Adam Smith and Roman Servitudes
Tijdschrift voor Rechtsgeschiedenis, Vol. 72, 327-57, 2004
32 Pages Posted: 1 Nov 2008 Last revised: 12 Jan 2016
Date Written: November 1, 2008
This article concerns Adam Smith's historical jurisprudence, and his efforts to produce an explanation for why certain civilizations produce certain laws. Smith's historical jurisprudence is based on the idea that a civilization passes through certain 'ages' (determined by its mode of subsistence at the time), and that each 'age' provokes the creation of certain legal ideas. Several 18th-century thinkers were following a similar line of thinking. Smith proceeds empirically, rejecting the rationalizations of his natural law predecessors in favour of data-gathering and causative explanations.
One of his principal sources of data was Roman law: the literature is rich with examples. Unfortunately the law does not always fit Smith's mode-of-subsistence theory. This sometimes results in real intellectual contortions on Smith's part. His treatment of Roman burdens-on-land (servitudes) is an example: he argues that they were originally person-to-person, like contracts, which is manifestly wrong.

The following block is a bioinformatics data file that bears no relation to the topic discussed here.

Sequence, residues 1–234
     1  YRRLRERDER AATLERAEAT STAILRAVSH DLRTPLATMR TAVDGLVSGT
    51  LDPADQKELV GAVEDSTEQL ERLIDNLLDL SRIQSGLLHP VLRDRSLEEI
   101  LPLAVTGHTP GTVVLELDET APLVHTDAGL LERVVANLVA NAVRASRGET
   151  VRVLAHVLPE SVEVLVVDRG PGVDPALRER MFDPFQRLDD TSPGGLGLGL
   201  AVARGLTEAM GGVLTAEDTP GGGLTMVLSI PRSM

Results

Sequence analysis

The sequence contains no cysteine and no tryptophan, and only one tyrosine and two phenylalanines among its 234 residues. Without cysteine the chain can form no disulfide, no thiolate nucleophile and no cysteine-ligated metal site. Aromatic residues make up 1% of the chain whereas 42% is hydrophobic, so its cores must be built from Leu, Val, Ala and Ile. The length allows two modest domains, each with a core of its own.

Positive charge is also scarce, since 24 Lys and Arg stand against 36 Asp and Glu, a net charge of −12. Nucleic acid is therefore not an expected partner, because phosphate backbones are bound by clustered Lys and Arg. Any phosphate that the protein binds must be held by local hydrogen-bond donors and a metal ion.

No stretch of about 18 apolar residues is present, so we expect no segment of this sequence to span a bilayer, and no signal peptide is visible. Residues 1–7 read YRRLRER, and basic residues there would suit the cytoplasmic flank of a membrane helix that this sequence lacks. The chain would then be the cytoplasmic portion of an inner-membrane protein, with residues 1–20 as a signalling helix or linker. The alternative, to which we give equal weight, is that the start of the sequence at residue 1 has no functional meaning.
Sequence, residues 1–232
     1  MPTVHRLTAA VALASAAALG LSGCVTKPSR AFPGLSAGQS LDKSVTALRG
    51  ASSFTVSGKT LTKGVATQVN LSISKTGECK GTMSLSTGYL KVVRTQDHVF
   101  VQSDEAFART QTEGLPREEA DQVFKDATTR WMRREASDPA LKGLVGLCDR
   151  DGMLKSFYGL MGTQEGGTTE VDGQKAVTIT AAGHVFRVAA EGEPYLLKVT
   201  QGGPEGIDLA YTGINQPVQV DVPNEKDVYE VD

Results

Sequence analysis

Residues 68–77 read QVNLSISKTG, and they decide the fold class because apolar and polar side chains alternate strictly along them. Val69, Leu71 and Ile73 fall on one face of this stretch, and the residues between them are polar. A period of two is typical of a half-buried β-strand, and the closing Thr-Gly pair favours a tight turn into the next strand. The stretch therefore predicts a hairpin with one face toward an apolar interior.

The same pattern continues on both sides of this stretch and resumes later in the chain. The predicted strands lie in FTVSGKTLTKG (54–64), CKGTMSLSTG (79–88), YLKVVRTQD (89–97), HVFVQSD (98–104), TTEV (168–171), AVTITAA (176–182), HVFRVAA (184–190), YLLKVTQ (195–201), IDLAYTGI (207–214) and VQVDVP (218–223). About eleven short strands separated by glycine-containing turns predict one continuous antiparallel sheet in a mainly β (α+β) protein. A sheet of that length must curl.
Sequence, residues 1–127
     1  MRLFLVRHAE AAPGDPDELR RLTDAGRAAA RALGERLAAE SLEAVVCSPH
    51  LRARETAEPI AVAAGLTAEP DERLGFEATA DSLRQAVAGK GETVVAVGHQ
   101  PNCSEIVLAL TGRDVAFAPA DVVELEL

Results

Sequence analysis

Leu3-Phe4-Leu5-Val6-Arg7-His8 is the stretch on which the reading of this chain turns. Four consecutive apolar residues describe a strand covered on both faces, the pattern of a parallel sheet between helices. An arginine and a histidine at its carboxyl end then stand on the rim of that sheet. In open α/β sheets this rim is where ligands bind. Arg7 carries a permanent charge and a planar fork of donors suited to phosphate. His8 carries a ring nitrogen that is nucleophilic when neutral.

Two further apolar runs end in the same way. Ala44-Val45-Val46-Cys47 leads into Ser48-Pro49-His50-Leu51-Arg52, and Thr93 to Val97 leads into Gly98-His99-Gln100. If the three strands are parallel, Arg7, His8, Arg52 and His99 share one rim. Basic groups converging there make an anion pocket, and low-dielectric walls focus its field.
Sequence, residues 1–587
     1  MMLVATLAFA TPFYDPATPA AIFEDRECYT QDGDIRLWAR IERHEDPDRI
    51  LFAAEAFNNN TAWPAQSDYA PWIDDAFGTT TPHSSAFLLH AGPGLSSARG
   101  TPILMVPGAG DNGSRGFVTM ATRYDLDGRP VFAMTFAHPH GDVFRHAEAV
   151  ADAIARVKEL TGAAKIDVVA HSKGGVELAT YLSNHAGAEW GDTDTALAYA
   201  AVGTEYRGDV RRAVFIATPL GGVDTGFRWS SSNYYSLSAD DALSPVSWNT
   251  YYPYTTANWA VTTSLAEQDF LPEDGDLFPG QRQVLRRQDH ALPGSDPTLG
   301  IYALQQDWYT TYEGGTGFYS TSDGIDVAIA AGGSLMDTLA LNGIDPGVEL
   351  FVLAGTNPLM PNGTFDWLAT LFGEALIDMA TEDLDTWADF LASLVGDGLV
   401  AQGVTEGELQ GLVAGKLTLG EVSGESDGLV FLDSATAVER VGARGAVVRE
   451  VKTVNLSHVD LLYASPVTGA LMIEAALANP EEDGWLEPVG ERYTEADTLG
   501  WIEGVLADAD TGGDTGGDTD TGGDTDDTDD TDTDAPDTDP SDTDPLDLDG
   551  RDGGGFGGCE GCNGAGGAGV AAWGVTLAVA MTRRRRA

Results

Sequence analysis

These difficulties notwithstanding, it is not a fair conclusion that Smith's historical jurisprudence was 'unworkable'. A fairer conclusion is that completing his task with the aid of Roman law would have been an enormously time-consuming task, but not impossible.
This essay provides the text and translation of Samuel L.B. von Cocceji, Introductio ad Henrici L. B. Cocceii Grotium Illustratum, continens dissertationes prooemiales, Halle 1748, Diss. XII ('Systema de iustitia naturali et romana'), 4.3.6 (ss. 302-305).
Keywords: Adam Smith, natural jurisprudence, historical jurisprudence, Roman law, Cocceius, Cocceji
Suggested Citation: Suggested Citation